I was in Costco just a day after the Super Bowl and there was a whole table of New England Patriot Super Bowl winning T-shirts. These had obviously been produced some weeks in advance. There must have been an equal number of Atlanta Falcon T-shirts somewhere.
So where do all the Falcon T-shirts end up? They never appear in the U.S., just like you don’t see Cleveland Indian 2016 World Series shirts around. I don’t actually know where the Falcon T-shirts go but an educated guess is they are in Africa. The U.S. is the king of the used/discarded clothing market and Africa is the big buyer.
The charts on this page come from an excellent book we reviewed some years ago, Travels of a T-shirt in the Global Economy, by Pietra Rivoli (John Wiley & Sons, 2005). Used clothing is not glamourous but it is profitable. Worn clothing starts its journey at a Salvation Army or Goodwill store. What is not sold there is passed to middlemen for five to seven cents a pound. Some of the clothing is “vintage”, which goes for big bucks in wealthy markets. Some clothes end up as rags and some, like T-shirts, get packaged in 100-pound bales and sent to Africa. Once there, resellers bid on the unopened bales not knowing whether they contain Treasure (new Atlanta Falcon T-shirts) or Trash.
The used clothing market in Africa is not for dummies. You have to know what sells there. In hot climates the preference is for light cottons. Shorts have little appeal except for children and Africans prefer darker colors to lighter ones. Buyers of T-shirts do not like “in your face” logos or suggestive messages. They much prefer colorful pictures of animals and birds. And they know quality. When I was in Madagascar, a country as poor as Haiti, clothing stores either carried used items from Europe or new clothing from China. Many of the locals preferred higher quality European used clothing to the cheaper but often shoddier clothing from China.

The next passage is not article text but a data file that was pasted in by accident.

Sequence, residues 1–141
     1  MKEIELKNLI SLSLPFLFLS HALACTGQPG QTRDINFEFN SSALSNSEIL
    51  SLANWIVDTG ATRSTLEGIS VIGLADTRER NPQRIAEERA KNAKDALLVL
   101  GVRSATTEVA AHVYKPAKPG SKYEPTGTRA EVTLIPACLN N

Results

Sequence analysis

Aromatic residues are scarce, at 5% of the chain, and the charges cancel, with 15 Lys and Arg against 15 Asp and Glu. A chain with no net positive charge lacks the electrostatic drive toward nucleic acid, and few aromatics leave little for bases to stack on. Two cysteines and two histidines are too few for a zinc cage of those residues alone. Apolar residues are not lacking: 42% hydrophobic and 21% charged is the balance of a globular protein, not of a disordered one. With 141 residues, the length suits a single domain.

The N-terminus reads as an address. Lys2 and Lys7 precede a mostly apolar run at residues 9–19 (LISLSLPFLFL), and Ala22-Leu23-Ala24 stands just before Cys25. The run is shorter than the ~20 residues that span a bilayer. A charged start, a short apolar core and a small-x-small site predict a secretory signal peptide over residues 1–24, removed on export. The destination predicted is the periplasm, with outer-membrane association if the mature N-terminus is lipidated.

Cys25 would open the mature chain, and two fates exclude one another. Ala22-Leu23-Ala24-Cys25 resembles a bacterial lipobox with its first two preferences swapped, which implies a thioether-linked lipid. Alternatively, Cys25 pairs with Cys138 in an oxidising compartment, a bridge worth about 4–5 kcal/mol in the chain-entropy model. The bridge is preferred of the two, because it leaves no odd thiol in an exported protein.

What are some of my conclusions here? First, the U.S. is a wasteful society. Ninety percent of women’s clothing that is discarded is still in good condition. And since women buy 3-4 times the amount of clothing men do, there is a lot of choice in used women’s clothing in Africa.
A second conclusion is that globalization is here to stay. The complex dance of a T-shirt, born of Texas cotton, manufactured in Southeast Asia, sold new in America and discarded in Africa is so intertwined (and profitable) it will be difficult to take it apart. Globalization is a lot like whack-a-mole. If you build a Wall in one place, business will spring up in another. Demands for protection will always be with us, but the market is a powerful force. Globalization is not going away anytime soon.